Anxiety In Flight: What Dengue Prevention Ads Don’t Tell You
All images by Stephanie Lee for RICE Media.

A non-exhaustive list of things you might miss out on if you contract dengue fever: birthdays, job opportunities, social gatherings.

For Marklin Ang, it was his first day of National Service enlistment.

The first time he caught dengue in 2012, the burning fever and excruciating back aches that struck him in the middle of the night were the least of his concerns. Hospitalised, Marklin remembers pleading with the doctors and nurses to be discharged.

“I didn’t want to be potentially charged for not turning up.”

He would learn that it would be the least of his worries. Because Marklin caught dengue again. And again.

The unseen toll of this infamous virus is unimaginable to many. We are being warned right now against a “major dengue outbreak” of historic proportions, piling onto existing Covid infections. It’s enough to threaten our healthcare system and low herd immunity.

Despite the flurry of advertisements bombarding our bus stops and HDB lift lobbies, the touchier, more nebulous effects of dengue remain less publicised. But what exactly are they?

Red Zone Scare

It’s a pretty terrible time to catch dengue, or any contagious disease for that matter.

Amid wave after wave of Covid variants and lockdowns, many Singaporeans are simply trying to figure out the best way to stay afloat now in a state of endemicity.

Here’s the problem with dengue: it’s both incredibly probable and improbable. As of July 2022, there are at least 341 active clusters, with 120 of them classified as high-risk areas that host 10 or more dengue cases.

Just as we seemingly turned a corner with Covid, we now face the threat of a major dengue outbreak. In some parts of Singapore, it’s happening within the safest places we know: our homes.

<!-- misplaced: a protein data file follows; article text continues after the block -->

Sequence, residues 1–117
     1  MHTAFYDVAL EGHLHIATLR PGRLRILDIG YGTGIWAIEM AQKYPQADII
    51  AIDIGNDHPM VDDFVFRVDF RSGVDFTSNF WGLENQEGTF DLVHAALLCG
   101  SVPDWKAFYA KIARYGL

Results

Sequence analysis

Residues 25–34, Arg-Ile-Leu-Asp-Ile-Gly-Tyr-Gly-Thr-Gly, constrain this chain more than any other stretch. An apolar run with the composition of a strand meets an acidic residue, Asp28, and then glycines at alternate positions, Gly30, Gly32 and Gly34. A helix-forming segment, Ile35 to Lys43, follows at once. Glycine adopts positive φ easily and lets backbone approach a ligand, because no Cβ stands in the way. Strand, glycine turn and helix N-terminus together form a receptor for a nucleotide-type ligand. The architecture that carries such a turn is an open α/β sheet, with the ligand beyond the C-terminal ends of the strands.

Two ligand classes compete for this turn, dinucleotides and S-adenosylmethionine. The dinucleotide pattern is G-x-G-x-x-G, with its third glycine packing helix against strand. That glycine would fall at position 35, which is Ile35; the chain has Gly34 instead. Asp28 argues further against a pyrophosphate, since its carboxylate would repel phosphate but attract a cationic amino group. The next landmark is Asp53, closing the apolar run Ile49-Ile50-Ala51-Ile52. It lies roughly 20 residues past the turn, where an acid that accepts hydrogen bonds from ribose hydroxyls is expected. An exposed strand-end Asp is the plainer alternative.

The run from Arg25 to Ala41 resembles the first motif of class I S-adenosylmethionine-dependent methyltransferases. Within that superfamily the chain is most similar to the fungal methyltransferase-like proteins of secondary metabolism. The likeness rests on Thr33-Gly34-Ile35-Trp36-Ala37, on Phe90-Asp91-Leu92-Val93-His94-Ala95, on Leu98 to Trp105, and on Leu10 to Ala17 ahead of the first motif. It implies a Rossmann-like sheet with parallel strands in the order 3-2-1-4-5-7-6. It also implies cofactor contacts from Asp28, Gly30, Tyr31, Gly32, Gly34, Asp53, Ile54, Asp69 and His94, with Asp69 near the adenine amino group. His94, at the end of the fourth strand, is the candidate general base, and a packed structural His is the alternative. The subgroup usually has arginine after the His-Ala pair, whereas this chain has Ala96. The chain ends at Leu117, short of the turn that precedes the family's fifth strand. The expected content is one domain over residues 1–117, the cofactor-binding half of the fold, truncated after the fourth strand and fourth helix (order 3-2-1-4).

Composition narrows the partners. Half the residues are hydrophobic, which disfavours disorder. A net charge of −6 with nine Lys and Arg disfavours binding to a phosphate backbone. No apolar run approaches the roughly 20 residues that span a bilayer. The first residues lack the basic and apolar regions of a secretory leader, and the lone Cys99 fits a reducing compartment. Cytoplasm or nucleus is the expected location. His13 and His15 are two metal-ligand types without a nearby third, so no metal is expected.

As the National Dengue Prevention Campaign told us for years, outbreaks can spawn from a number of things—unturned vases and pots, overlooked stagnant water on rims of pails, roof gutters, or just plain bad luck.

Dengue’s debilitating effects are well-known to most of us by now, having been drilled into us since childhood. What isn’t discussed as much is how remarkably stressful it can be.

Marklin Ang (pictured) survived three different bouts of dengue. He later shared his experience with the disease in a Facebook post that went on to minor virality.

Marklin might not remember much about his three intense ordeals with the affliction–just the traumatic hospital stays and blood transfusion procedures.

“In fact, by my third encounter with dengue, my whole brain was in a fog,” he admits. “It still feels foggy when I try to think about that time now.”

He scarcely recollects the sheer number of needle holes on his arms, the bruising from drawing blood constantly. Bed-bound and hooked to a drip, his lack of strength and inability to think clearly resulted in week-long hospital stays that were, in his words, excruciating.

Hafizah Jainal, a freelance illustrator and designer, has similarly had her memories of surviving dengue in 2020 suspended in a haze.

“I had no idea how I contracted it—but I was aware that I live in a dengue red zone.”

For Hafizah, contracting dengue was barely a consideration. Between the stress of moving into her new place–a quaint conservation shophouse in Little India–and the pandemic having just teetered towards its peak, the excitement from moving quickly morphed into panic.

Hafizah Jainal’s (pictured) work as a freelancer often requires her to take on multiple projects, which soon became difficult after contracting dengue.

Constantly bombarded by rising Covid numbers in the news alongside frightening stories of hospital beds quickly filling up everywhere, Hafizah was understandably worried.

“I was pretty paranoid about having to isolate myself.”

Things were particularly unexpected for Hafizah. She didn’t know what a living situation for someone with dengue would be like—whether she required isolation or if she was required to manage symptoms by herself.

“I had a housemate. I just didn’t feel comfortable asking for help because I didn’t want to trouble her,” she reveals. “At that point, I started to miss my mum. Her presence has always been reassuring.”

The effects of dengue also led to Hafizah struggling to manage her psoriasis, which has been a life-long skin condition for her.